ART FAIR REVIEW 

TOP BOOTHS TO HAVE SEEN AT FRIEZE NEW YORK 2015 

 

  

Gavin Brown's enterprise, New York

Gavin Brown's booth was devoted to Jonathan Horowitz's "700 Dots" project. For this work, the artist paid 700 participants $20 each to paint a neat black circle on a small white canvas (they were given very precise instructions). When it was complete, the entire collection of dot paintings was sold as a work of the artist. It offered fairgoers a quiet, highly focused moment in the bustle of the art fair and a fun atmosphere that was the talk of the preview. It also seemed to embody that high level of engagement that felt like the essence of Frieze this year.

 

 

  

Herald St., London 

Most striking here apart from Peter Coffin's Untitled (Alphabet) (2014) that extended in an opalescent rainbow arc over the booth were the fur-jacket-draped chairs of Turner Prize-nominated artist Nicole Wermers

, a comment on consumerist culture and the fusion of art and design. Ida Ekblad's canvases A Day of Toil 8 (2014) and A Day of Toil 4 (2014) hung nearby. Ekblad used shopping carts in a Situationist-inspired series she calls "drift," for which she would wander through the city with a shopping cart collecting detritus. For the canvases in the booth, Ekblad carved poetry into the wheels of a shopping cart, covered them in paint, and then ran the carts over the canvases.

 

 

  

Pace, New York

For its first outing at the fair, Pace brought a solo presentation of the work of Richard Tuttle, 12 drawings in a series called "Aspects" created in Maine in 2014-from materials including cardboard, maple wood, and furniture grade lacquer. But perhaps most intriguing about the presentation was the booth itself, which was also designed by Tuttle extending his exploration of form and texture from the sketchbook to the entire room. Masonite floors, turned right-side-up with black shiny Masonite dots exposed at the edges are true Tuttle and united the work with the room in an enveloping poetic experience.

 

 

  

The principles of Islamic geometry typically found in the shrines of Iran were transformed into sculpture and wall works by contemporary Iranian artist Monir Shahroudy Farmanfarmaian, who spent 26 years in exile in New York during the Islamic Revolution and found herself spending time with Willem de Kooning and Joan Mitchell. On view at this gallery's booth was a nice selection of Farmanfarmaian's drawings and mirrored glass works-also on view at her first solo show at the Guggenheim through June 3. On one wall was a large installation that consisted of nine mirrored elements. While this installation was fixed on the wall, it was a precursor to a series of works known as "Convertibles," for which the works could be rearranged into different patterns (and they come with installation instructions for various ways to hang it).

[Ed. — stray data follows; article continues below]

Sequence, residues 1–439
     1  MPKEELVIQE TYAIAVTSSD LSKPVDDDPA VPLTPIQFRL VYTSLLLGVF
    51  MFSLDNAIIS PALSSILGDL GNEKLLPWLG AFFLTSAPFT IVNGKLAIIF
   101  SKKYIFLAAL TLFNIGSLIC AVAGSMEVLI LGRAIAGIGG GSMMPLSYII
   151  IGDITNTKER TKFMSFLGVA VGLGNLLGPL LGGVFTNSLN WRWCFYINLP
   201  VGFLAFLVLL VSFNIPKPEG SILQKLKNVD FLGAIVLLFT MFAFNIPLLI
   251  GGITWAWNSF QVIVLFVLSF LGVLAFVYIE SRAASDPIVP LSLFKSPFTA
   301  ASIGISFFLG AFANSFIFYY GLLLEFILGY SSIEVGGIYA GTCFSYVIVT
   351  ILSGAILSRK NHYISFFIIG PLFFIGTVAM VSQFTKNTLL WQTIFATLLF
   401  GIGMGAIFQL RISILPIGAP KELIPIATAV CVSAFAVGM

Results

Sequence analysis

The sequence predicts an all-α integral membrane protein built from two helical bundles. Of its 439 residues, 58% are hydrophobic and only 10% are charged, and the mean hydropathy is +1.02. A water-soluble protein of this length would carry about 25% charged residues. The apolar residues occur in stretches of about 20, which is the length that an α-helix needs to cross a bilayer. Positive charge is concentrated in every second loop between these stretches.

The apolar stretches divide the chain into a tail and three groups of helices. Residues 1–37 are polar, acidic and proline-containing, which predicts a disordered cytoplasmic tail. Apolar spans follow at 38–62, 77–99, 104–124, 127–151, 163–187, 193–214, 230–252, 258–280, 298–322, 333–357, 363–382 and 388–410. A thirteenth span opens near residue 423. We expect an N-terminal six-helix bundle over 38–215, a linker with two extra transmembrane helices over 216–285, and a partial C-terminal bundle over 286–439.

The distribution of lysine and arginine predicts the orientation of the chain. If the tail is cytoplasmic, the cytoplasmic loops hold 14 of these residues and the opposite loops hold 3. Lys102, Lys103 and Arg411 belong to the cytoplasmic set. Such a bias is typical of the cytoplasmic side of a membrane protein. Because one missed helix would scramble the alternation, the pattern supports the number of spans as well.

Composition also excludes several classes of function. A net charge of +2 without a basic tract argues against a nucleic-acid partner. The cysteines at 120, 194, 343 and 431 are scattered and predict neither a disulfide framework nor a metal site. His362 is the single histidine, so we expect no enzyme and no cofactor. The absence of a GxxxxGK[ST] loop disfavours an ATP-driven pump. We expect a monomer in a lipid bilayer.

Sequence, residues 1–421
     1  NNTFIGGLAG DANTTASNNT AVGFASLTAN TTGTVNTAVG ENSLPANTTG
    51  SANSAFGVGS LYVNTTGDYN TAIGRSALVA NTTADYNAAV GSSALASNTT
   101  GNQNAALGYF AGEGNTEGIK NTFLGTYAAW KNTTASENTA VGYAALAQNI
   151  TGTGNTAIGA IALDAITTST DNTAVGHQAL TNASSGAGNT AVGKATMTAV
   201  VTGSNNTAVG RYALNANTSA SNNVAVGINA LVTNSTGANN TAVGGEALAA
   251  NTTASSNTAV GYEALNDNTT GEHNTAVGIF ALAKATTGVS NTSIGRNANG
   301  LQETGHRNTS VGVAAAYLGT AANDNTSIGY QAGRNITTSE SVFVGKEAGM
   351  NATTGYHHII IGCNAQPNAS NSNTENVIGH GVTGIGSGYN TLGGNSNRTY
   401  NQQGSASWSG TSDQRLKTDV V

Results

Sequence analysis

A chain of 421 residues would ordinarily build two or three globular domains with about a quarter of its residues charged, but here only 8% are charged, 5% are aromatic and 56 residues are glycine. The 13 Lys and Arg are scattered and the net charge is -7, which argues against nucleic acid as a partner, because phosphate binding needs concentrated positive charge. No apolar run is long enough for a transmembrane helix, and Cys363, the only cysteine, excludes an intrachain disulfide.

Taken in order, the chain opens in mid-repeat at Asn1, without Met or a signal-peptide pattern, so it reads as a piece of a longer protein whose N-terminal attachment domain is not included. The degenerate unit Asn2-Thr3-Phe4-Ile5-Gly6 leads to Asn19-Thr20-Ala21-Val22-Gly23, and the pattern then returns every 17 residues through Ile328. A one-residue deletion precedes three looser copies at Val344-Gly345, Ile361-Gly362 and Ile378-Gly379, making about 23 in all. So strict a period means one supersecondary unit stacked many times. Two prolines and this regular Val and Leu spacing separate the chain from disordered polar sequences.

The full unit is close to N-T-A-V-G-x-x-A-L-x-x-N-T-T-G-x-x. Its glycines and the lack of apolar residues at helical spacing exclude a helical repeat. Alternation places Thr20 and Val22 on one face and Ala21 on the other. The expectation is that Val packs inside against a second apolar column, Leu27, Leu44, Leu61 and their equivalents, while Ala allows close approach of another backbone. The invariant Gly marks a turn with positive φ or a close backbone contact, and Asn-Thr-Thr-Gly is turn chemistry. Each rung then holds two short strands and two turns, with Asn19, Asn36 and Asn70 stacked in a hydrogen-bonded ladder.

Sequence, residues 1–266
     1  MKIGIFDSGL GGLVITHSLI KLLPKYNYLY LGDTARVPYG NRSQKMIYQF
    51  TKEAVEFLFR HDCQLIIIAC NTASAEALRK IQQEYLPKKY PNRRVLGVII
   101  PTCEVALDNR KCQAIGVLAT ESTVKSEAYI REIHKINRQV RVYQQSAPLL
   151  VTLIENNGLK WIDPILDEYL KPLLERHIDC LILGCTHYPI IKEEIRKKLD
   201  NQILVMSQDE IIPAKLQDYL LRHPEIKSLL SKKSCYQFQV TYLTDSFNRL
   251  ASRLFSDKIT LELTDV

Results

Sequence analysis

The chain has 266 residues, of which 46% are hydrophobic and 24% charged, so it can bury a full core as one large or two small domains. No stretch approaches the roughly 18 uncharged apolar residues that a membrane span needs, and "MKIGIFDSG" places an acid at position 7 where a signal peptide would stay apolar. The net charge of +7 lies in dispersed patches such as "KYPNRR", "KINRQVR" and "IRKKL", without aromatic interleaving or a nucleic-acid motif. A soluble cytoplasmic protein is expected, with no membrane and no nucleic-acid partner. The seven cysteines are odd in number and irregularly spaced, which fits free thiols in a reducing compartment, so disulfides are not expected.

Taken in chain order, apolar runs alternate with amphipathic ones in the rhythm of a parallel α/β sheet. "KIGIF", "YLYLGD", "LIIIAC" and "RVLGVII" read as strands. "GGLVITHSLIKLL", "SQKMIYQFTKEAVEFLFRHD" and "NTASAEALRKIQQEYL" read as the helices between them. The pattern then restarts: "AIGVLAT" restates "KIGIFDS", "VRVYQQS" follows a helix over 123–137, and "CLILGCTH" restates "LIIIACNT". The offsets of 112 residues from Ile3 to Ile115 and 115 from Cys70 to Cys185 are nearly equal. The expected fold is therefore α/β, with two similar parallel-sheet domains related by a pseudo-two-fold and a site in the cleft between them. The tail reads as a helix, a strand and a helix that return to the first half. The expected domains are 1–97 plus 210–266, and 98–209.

The Breeder, Athens
It was hard to miss Andreas Angelidakis's "Crash Pad." For this installation, Angelidakis converted the booth into an "Oda," or a welcoming room of the kind that existed in palaces during the Ottoman Empire, with 19th century Greek rugs, pillows, and thematically appropriate sculpture like simulacra of Corinthian columns made from cardboard or created with 3-D printers. "The work intends to challenge our conception of the Classical Greek aesthetic," said George Vamvakidis, one of the gallery's co-owners. Fair visitors felt welcome to take a rest and socialize among the pillows. 
 
 
Clearing, Brooklyn and Brussels

At Clearing, a gallery based in Brooklyn and Brussels, roughly 40 small colorful works on paper by Calvin Marcus were hung in a single line at eye level. Each work in the series, which collectively was called "Military Man With Tongue Out" (2014-2015), portrayed a soldier in a grotesque and somewhat comedic manner at some stage of death or distress. The works, partly because of their materials-they're made with crayon and sharpie-evoke both childrens' drawings and ancient prints of Japanese samurai.

 

 

  

Overduin & Co., Los Angeles

The booth of Overduin & Co. was filled with paintings (from her "News!" series) and recent sculpture of LA-based artist Math Bass. Bass takes cues from early sign painting to create paintings with tense interplay of positive and negative space that can verge on optical illusions. There's playful formal repetition of shapes and symbols found across her work-what looks like a cigarette in one painting appears in another painting to be a match, and in yet a third painting looks more like a smokestack. Perhaps attesting to Bass's up-and-coming-ness, surveying the booth was none-other than collector Mera Rubell.

 

 

  

Artist Zhan Wang's shiny stainless steel rock surreally placed on top of a Ming-dynasty table (in style only), Shanshui Furniture 1 (1998-2008), was a startling site in the aisles of Frieze, and felt a bit like walking into a painting by Magritte. One of China's leading contemporary artists, Wang is best known for these shiny rock sculptures shaped like the "scholar's rocks" you might find in a Chinese garden. Other striking works in this booth included Xu Zhen's Play Spire of the Sky (2013), an architectural S&M tower made of leather and chains as well as paintings by Wang Jianwei.

 

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